HMQC (Heteronuclear Multiple Quantum Coherence) is a correlation between chemical shifts of protons and chemical shifts of X nuclei (usually X = 13C or 15N) through the direct spin-spin interactions (1J) between said nuclei. The detected nuclei in this method are protons, which allows one to significantly shorten the experiment time in comparison with the “traditional” HXCORR, due to the higher proton sensitivity.

References:
1. L. Muller, J. Am. Chem. Soc., 1979, 101, 4481-4484
2. A. Bax, R.H. Griffey, B.L. Hawkins, J. Magn. Reson., 1983, 55, 301-315
3. G.E. Martin, A.S. Zektzer, “Two-Dimentional NMR Methods for Establishing Molecular Connectivity”, VCH, 1988, 213-221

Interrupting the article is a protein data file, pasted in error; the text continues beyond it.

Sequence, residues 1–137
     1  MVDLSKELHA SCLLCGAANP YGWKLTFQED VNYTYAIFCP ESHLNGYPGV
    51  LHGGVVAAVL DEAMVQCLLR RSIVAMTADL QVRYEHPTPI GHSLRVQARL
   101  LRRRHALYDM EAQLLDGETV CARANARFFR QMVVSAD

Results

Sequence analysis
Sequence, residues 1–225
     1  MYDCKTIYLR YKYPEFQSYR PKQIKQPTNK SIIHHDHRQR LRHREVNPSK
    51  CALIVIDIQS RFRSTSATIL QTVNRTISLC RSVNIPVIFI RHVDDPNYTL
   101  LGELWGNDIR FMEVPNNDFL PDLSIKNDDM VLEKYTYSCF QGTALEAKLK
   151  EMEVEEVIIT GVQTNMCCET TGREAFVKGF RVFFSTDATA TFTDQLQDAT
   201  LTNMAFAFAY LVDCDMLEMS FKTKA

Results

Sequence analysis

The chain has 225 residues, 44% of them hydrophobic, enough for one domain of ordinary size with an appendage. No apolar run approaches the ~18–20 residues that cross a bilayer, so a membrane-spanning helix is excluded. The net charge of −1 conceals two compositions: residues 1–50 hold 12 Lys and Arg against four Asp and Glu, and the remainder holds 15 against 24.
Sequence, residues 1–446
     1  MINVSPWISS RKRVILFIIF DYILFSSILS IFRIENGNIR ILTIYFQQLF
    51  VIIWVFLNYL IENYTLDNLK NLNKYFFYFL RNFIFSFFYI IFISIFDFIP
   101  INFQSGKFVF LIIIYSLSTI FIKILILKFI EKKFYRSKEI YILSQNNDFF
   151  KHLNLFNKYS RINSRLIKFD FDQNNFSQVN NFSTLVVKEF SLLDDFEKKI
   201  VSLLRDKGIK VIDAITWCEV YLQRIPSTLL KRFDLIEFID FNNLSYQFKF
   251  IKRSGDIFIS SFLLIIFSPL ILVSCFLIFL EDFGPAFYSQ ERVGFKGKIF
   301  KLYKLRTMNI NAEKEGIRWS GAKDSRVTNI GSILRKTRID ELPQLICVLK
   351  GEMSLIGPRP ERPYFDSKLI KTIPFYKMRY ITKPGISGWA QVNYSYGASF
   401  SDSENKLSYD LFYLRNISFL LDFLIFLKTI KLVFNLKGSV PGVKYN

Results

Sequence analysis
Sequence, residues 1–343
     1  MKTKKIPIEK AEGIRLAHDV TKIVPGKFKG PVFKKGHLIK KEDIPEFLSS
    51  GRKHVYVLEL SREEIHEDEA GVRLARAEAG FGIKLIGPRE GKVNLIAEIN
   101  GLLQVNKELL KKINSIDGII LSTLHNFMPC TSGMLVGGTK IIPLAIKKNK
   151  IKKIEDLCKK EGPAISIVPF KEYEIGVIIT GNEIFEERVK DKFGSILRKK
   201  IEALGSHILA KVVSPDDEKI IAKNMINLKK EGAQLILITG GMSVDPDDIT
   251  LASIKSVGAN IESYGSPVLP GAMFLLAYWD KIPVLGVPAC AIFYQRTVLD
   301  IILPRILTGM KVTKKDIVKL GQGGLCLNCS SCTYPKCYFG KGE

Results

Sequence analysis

4. W.F. Reynolds, R.G. Enriquez, Magn. Reson. Chem., 2001, 39, 531-538

HSQC

HSQC (Heteronuclear Single Quantum Coherence) is similar to HMQC (see the corresponding section), but in contrast to it, HSQC allows one to reach higher resolution in X-nucleus axis, being however more demanding to the setup of the experiment.

References:
1. G. Bodenhausen, D.J. Ruben, Chem. Phys. Lett., 1980, 69, 185-189

5. COLOC, HMBC

Correlation for protons and X nuclei through several bonds (usually X = 13C).

COLOC

COLOC (COrrelation of LOng range Coupling) is a correlation between proton and X nuclei (most often 13C or 15N), which are separated by two or three (in rare occasions even more) bonds. In this method the detected nucleus is X, which leads to the necessity of long acquisitions. Because of this, nowadays the more often inverse HMBC method is used, allowing one to obtain the same type of information much faster.

References:
1. H. Kessler, C. Griesinger, J. Zarbock, H.R. Loosli, J. Magn. Reson., 1984, 57, 331-336
2. H. Kessler, C. Griesinger, K. Wagner, J. Am. Chem. Soc., 1987, 109, 6927-6933